Indonesia, Malaysia Heading for Brussels to Discuss EU Deforestation Law
25 May 2023 16:07 WIB
TEMPO.CO, Jakarta - Top officials of the world's two largest palm oil-producing countries, Indonesia and Malaysia, are set to visit the European Union HQ in Brussels on May 30-31, 2023. The joint team will voice concerns over new regulations on deforestation that they believe could adversely affect small farming businesses.
The European Parliament approved the law last month which bans imports of coffee, beef, soybeans, and other commodities into the European Union unless companies can provide "verifiable" information that the products were not grown on deforested land after 2020. Violators might face hefty fines.
Earlier on May 24, 2023, Indonesian Coordinating Minister for the Economy Airlangga Hartarto stated that the European Union Deforestation Regulation (EUDR) could exclude the vital role of small farmers in global supply chains, failing to recognize their value and rights.
“We want to emphasize that the EUDR is burdensome for small farmers because they must comply with administrative procedures as required in the regulation,” he said.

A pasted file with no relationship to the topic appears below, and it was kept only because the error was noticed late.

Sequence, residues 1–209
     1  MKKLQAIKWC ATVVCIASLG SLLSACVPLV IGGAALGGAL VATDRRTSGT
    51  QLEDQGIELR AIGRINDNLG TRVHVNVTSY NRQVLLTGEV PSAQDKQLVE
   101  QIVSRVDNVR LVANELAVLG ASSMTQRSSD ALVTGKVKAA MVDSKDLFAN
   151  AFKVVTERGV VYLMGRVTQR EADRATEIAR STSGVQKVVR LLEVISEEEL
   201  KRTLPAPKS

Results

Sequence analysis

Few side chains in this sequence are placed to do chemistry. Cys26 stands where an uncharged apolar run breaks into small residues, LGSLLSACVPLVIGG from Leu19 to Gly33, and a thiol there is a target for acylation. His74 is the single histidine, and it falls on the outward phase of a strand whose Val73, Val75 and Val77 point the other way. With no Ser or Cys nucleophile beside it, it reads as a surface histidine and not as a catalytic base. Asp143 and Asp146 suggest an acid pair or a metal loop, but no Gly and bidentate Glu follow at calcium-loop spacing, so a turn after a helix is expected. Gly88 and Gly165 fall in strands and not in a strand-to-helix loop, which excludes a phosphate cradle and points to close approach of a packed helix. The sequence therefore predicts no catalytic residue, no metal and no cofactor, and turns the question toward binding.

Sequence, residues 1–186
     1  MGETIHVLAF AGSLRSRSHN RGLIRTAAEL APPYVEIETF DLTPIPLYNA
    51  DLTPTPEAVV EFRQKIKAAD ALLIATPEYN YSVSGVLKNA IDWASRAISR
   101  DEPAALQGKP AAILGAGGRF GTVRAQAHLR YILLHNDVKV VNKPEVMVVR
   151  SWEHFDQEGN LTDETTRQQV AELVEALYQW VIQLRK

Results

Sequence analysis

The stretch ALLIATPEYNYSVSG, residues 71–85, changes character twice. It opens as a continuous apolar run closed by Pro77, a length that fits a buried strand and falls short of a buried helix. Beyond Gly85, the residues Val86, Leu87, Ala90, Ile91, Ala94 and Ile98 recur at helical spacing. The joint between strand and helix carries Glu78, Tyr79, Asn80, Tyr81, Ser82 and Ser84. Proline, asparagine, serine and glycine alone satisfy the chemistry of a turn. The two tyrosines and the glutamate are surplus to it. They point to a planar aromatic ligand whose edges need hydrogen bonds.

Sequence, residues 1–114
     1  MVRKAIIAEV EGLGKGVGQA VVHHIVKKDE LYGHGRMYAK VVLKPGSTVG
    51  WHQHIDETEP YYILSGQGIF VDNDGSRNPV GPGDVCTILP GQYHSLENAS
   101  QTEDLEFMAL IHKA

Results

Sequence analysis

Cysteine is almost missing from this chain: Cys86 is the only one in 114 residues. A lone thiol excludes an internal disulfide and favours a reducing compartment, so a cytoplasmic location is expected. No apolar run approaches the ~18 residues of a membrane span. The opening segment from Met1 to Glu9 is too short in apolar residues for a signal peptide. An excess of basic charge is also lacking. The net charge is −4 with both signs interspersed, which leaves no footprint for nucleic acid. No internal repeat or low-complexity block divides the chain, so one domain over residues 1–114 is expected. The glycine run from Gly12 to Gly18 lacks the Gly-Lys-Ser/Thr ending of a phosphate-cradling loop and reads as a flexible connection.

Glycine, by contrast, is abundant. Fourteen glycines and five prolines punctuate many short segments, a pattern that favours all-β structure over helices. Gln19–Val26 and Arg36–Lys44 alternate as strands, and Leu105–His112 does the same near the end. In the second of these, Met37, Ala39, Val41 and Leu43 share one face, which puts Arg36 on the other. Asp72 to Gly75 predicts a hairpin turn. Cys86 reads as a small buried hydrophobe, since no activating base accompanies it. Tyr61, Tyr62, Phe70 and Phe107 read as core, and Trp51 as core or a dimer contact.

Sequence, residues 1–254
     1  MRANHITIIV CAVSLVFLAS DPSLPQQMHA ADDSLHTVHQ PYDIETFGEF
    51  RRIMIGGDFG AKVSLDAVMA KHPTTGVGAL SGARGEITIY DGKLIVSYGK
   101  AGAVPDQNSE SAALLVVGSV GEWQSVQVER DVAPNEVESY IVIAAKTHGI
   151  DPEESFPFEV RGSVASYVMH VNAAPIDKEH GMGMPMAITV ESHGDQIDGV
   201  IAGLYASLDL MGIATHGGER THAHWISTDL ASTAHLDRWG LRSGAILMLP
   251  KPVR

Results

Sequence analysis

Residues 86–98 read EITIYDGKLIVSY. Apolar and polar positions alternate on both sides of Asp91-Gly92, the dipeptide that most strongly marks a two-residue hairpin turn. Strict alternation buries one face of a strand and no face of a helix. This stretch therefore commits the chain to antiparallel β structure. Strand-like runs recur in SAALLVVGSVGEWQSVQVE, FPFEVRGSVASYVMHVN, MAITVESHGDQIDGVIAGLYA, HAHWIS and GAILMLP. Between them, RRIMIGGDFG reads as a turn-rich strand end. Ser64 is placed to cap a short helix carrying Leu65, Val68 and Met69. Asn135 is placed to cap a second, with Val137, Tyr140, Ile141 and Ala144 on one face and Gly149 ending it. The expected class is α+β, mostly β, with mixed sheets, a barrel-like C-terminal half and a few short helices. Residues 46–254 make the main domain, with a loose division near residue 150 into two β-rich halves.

Besides Airlangga, the joint mission will be attended by Malaysian Deputy Prime Minister Fadillah Yusof. During the Council of Palm Oil Producing Countries (CPOPC) meeting in Kuala Lumpur on May 17, 2023, Yusof said the mission is aimed at engaging with the European Union regarding this regulation.
“They (the European Union) say that smallholders (small businesses and farmers) are not affected, so we need clear guidelines,” said Yusof who is also the Malaysian Minister of Plantations and Commodities. He added that there are issues with traceability in the audit mechanism and process.
Based on the press release, the mission will also identify and discuss steps that can be taken so that the regulation will not be detrimental, especially to small farmers of oil palm and other commodities.
Accounting for around 85 percent of global palm oil exports with the European Union as their third largest market, Indonesia and Malaysia accuse the EU of discriminatory policies targeting palm oil.
Meanwhile, European Union Ambassador to Indonesia Vincent Piket has repeatedly denied the alleged discrimination against palm oil imports. “This law applies to all products, both in Europe and abroad. There is no discrimination, no favoritism,” Vincent said in an interview with Tempo last February 2023.
This new regulation is warmly welcomed by environmentalists as a fundamental step towards protecting forests given that deforestation contributes about 10 percent of global greenhouse gas emissions.
DANIEL A. FAJRI | REUTERS
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